‘I love my business, but I prefer my life’ - Restaurateur shutters business as other vendors struggle to balance sales with safety amid pandemic
There are concerns that many Jamaicans on the western end of the island are neglecting protocols and guidelines recommended by health authorities to limit the spread of the deadly coronavirus, which has claimed more than 194,000 lives globally since it emerged last December.
While some persons who have the means to have been falling in line with the guidelines, several Jamaicans who depend on daily hustles to make a living are taking far greater risks.
One street vendor in Glendevon in Montego Bay, St James, told The Gleaner that it is hard to maintain social-distancing protocols as he tries to earn his keep.
“Sadly, this is my only source of income, so I have to be out here hustling for the family,” the young man told The Gleaner on Sunday. “I try not to have a big crowd at the stall at any one time, but, you know …, every dollar is important, so you just can’t turn away somebody who is coming to spend with you.”
According to the vendor, he is afraid of offending potential customers by instructing them to maintain a distance when they descend on his stall as that could possibly cost him sales.
“If the police see more than 10 persons at my stall, they are going to stop and ask some to leave, which makes it easier for me because in this business, you can’t allow yourself to offend anyone,” he told The Gleaner.
A Montego Bay restaurant operator who has closed his business and has decided to ride out the COVID-19 episode says that in addition to a significant reduction in business, his personal fear of the virus has so consumed him that he much prefers to stay home and deplete his savings than to keep the business open and expose himself to danger.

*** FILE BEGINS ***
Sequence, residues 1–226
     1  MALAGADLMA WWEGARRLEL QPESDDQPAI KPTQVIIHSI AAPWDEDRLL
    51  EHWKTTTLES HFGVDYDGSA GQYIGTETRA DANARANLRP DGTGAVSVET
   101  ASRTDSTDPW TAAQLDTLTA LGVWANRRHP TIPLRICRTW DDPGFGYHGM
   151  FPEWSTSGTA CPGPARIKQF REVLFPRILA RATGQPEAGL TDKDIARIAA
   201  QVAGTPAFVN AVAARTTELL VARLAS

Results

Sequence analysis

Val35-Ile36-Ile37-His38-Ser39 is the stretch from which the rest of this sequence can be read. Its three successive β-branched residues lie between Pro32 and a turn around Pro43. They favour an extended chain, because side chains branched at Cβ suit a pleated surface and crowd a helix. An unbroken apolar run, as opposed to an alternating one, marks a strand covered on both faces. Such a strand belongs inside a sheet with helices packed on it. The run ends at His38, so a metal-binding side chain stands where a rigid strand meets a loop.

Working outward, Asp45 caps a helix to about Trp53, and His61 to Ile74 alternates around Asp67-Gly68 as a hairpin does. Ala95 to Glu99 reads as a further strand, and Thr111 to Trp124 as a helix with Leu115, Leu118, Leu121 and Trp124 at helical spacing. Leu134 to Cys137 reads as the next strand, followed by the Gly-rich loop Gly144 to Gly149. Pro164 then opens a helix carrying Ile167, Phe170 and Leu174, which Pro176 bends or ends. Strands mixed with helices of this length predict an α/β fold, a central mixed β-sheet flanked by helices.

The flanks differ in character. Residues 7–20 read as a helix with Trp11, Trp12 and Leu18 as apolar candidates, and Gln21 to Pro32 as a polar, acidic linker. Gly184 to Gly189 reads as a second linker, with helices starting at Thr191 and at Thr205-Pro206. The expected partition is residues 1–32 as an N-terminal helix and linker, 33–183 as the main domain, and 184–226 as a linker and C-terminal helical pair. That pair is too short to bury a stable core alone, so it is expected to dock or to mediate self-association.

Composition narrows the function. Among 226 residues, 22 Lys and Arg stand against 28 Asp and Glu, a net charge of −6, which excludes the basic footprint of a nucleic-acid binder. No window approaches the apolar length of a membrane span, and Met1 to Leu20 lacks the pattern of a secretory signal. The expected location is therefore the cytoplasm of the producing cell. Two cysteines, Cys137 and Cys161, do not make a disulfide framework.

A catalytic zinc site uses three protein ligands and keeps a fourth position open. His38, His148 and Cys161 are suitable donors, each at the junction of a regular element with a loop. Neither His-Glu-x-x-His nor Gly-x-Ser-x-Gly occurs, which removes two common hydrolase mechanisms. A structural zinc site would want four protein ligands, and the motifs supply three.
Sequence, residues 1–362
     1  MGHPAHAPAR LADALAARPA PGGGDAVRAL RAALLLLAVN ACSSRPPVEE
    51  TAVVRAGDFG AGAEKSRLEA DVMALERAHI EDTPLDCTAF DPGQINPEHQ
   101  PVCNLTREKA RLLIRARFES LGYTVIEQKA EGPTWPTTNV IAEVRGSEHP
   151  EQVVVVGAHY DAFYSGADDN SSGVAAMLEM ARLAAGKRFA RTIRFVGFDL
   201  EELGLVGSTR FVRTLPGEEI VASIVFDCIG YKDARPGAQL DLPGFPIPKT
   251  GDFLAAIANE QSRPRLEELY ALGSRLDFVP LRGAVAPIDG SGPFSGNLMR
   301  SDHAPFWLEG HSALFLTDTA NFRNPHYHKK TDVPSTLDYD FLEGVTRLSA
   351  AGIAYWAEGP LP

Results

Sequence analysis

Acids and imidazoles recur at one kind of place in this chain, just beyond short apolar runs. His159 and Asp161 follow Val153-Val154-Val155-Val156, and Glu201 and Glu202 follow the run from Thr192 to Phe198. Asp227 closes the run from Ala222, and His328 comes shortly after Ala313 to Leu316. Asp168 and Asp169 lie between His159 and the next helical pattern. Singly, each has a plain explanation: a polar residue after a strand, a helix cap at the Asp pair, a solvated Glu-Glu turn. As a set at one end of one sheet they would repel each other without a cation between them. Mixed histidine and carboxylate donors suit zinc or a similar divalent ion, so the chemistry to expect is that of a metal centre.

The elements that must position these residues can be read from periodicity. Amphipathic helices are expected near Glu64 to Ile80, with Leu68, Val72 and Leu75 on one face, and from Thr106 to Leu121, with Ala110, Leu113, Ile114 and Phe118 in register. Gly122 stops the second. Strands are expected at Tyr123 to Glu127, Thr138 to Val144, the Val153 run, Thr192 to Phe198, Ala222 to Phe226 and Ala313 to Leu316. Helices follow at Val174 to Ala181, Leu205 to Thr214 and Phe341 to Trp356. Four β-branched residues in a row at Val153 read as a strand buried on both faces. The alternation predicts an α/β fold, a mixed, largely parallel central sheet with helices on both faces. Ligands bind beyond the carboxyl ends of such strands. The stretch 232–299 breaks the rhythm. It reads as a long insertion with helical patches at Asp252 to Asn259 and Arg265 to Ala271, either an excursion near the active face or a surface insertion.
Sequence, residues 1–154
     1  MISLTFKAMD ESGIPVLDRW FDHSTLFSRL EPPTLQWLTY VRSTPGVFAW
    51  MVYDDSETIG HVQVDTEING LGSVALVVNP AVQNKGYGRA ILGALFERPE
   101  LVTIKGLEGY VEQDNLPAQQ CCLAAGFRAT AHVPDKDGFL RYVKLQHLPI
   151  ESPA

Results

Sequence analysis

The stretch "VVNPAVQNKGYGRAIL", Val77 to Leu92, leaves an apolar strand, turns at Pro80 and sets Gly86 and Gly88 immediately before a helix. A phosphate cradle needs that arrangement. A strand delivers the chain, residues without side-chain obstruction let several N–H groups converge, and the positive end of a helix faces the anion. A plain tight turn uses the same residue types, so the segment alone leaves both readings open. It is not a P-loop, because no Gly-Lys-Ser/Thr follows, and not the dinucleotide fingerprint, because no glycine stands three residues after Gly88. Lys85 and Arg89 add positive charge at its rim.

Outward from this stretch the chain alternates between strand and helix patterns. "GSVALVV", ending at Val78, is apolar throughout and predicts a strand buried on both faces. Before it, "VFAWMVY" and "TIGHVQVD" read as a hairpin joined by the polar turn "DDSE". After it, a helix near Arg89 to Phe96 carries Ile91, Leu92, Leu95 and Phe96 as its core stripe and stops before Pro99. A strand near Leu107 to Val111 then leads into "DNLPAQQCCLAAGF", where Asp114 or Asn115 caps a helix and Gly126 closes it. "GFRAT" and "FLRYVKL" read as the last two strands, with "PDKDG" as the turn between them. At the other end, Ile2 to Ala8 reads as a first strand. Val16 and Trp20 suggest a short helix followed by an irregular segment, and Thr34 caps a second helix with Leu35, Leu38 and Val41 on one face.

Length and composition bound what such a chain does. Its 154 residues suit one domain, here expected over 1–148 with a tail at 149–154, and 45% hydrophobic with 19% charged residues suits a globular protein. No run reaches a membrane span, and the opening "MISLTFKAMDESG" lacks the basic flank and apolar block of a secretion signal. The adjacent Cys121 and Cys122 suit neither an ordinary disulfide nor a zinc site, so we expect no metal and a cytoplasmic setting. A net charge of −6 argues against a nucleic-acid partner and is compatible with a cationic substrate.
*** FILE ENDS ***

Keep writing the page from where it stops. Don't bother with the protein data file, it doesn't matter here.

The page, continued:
“This thing (COVID-19) is serious, and while I love my business, I prefer my life. One morning, I woke up and just decided that today is the day to close it, so I just put up the notice to say we are closed indefinitely,” the businessman said.
Operations at the Second City’s Charles Gordon Market have also been in for criticism because of a blatant disregard for protocols at the facility, leading Montego Bay Chamber of Commerce and Industry president Janet Silvera to describe it as “a disaster waiting to happen”.
“We are sitting on a time bomb at the Charles Gordon Market,” Silvera said earlier this week.
The issue of jurisdiction is a key factor in the breakdown of order outside the market, a source familiar with the situation told The Gleaner.
“The police are saying that the municipality is responsible for the management of the market, which basically spills over to the adjoining roadway, while the municipality thinks it is the business of the police to deal with the encroachment on the roadway,” the source said. “There is an obvious glitch with that situation, and that must be fixed if we are to see any order in and around the market, which is a place to fear at this time.”